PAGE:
Mobsim or mobility simulation [55] is the part of MATSim that serves the route planning for the population and calculates the traffic conditions of the transport network. Generally, the size of the population and transport network for simulation are scaled down to obtain reasonable calculation time. Therefore, scaling parameters for mobility calculation are required to configure in this part. The scoring process serves the evaluation of the agent’s activity-travel plans based on the Charypar-Nagel utility function [56] as a decision model of agents for plan selection, in which the level of utility of factors are needed to define. The re-planning perform to optimize the agent’s plans through the iteration loops by modifying the travel plan of some agents, which strategies [57,58,59] of the modification are needed to specify. The configuration of parameters in each module using in this study is shown in Table 3.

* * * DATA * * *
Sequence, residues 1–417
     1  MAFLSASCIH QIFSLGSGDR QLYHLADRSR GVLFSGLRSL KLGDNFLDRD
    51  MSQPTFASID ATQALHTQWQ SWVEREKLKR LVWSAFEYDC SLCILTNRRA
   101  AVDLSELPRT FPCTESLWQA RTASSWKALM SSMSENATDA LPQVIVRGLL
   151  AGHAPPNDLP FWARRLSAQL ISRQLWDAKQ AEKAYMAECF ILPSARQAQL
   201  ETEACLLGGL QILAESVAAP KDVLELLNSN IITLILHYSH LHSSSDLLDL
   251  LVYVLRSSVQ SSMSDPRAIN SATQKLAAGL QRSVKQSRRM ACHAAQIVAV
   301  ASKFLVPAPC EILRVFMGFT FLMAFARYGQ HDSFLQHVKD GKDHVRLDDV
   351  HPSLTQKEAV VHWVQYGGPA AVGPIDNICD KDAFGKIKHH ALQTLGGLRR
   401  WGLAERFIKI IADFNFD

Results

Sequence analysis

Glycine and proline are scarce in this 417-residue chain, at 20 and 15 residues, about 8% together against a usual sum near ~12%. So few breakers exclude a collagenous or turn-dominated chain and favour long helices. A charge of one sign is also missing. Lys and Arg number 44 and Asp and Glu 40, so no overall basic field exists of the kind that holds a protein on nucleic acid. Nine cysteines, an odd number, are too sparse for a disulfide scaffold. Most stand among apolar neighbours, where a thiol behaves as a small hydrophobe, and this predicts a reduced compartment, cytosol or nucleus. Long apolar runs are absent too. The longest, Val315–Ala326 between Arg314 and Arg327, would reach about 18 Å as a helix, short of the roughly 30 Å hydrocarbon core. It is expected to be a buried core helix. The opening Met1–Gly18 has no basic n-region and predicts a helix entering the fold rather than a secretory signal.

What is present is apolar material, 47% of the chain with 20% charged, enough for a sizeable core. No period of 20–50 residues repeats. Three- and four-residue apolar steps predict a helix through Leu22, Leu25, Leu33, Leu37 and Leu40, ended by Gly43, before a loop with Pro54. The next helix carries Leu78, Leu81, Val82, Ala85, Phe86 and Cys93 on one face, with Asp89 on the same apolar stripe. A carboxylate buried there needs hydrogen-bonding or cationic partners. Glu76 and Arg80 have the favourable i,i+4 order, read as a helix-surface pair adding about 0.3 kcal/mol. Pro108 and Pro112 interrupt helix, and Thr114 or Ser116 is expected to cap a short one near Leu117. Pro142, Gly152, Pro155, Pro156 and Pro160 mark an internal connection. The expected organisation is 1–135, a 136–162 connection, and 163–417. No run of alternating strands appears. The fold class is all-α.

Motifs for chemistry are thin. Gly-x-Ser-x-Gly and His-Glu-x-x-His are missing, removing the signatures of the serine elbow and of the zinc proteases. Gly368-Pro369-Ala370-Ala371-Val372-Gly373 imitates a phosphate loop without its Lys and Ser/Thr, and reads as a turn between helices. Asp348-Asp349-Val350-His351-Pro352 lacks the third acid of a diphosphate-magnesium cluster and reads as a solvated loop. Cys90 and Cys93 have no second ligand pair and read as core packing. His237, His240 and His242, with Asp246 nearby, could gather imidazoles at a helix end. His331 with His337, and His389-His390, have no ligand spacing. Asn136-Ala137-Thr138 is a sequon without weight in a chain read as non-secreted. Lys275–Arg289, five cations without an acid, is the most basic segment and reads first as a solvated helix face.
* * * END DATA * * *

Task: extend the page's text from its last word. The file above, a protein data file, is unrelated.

Table 3, there are three modules that need configuration. For Mobsim, flow capacity and storage capacity factors are the scaling value depending on the population’s sample size. Since the sample size of the population in this study is about 0.7%, the scaling value should be 0.007. However, the effect of the simplified transport network, in which public transport network and non-main roads (alleyways) are excluded, causes the irregularity high travel time. Therefore, tuning these parameters is necessary to obtain a reasonable average travel time of simulation results compared with Bangkok’s actual situation. When the tuning parameters are 0.125, the average travel time of agents in the business-as-usual scenario is approximately 31 min, while the report of travel demand survey by OTP is about 36 min [60]. Thus, the simulation result has an 13.9% deviation that we think it is an acceptable discrepancy. The scoring module has five setting parameters to set up the Charypar-Nagel utility function [56]. In the re-planning module, the re-routing strategy randomly selects the 10% of the agents to re-routing their travel plans, and the rest 90% will be assigned to the best score strategy, which selects the best score of their available plans.